Newly appointed Volvo Cars chief executive officer Stefan Jacoby wants to reposition the Swedish carmaker as an upscale brand to rival BMW.

He told a press conference in Gothenburg he was committed to bringing Volvo to “where it belongs, in the top league of the premium manufacturers.”

Seasoned auto industry executive Jacoby took over his new position this week after Zhejiang Geely bought the company from Ford for about US$1.5bn. He arrived from Volkswagen’s US operations to succeed Stephen Odell who stayed on with Ford to head its European unit.

Jacoby said his first priority would be an “intensive discussion” with his management team to sharpen the brand and more clearly define what the carmaker stands for. The strategy will take into account Volvo’s plans for growing significantly in China, where it plans to build a plant. Some Volvo models are currently assembled by a Ford-Mazda-Changan joint venture.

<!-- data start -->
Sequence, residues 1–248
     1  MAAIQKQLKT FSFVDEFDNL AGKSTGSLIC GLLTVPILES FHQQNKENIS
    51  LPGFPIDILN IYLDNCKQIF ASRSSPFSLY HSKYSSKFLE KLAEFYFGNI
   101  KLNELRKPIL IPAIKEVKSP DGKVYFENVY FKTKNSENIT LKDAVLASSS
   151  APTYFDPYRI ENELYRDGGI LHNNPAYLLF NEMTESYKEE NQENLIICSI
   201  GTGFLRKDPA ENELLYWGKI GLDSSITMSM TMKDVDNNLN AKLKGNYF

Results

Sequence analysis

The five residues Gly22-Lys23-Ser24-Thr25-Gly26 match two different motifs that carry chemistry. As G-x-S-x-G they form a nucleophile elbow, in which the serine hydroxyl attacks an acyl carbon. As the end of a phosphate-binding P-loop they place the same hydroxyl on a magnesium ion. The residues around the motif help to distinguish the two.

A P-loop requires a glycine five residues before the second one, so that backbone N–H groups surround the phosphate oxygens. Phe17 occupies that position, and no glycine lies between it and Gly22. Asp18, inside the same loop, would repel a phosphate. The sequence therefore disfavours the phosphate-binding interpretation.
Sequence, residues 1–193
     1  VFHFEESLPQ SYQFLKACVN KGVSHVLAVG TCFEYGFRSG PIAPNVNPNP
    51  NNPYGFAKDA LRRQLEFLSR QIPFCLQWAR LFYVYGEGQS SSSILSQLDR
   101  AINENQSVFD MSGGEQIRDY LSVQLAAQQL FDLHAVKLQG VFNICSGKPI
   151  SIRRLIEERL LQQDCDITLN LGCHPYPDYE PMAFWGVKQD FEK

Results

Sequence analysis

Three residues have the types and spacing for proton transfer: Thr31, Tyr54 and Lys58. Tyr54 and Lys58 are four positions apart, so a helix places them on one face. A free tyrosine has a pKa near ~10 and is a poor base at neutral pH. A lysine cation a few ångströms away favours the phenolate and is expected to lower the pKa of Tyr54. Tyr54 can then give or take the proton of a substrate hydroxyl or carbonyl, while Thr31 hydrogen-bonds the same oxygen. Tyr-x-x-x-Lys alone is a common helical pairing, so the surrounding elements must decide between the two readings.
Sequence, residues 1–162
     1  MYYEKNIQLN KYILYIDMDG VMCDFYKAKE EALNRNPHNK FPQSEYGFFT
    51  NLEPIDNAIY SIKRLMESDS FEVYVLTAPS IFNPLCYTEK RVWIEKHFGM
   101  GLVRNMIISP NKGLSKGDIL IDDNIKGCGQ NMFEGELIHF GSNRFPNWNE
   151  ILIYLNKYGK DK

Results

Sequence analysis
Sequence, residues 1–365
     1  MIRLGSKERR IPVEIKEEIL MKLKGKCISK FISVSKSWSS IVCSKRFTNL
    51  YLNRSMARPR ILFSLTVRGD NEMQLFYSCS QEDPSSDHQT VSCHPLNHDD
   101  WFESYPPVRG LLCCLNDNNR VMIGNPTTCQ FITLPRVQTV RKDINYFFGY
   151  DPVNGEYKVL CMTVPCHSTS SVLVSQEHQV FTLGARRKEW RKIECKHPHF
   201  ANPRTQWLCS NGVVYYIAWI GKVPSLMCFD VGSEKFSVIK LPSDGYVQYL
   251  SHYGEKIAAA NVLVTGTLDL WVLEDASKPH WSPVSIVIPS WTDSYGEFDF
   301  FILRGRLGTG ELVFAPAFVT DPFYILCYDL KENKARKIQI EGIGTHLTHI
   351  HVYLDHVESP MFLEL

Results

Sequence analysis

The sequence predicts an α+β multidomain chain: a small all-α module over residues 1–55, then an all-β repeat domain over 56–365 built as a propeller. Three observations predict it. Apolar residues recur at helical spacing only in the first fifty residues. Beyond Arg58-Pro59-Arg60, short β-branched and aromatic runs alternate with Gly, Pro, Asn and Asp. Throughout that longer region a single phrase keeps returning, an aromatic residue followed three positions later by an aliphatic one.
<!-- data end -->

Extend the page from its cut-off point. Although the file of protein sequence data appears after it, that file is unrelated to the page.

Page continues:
He added that the carmaker will also pursue two separate loans from the European Investment Bank and KBC Bank. Talks on these loans had been put on hold pending Geely’s takeover.

Jacoby was with VW for 25 years and became its top US executive in September 2007 where he cut costs, added a [now almost completed] assembly plant in Tennessee and moved the headquarters to Virginia from Michigan.

Volvo sold 334,808 cars worldwide last year, down 11% on on 2008 and 27% from a peak of 460,000 in 2007. The carmaker sold 219,461 vehicles to the end of July this year, up 16% year on year, the company said.

In China, Volvo’s fourth-biggest market, seven-month deliveries surged 75% to 17,899 cars, helped by last year’s introduction of the S80L, a longer version of the S80, that’s sold only in that country [rivalling locally-produced BMW LWB models].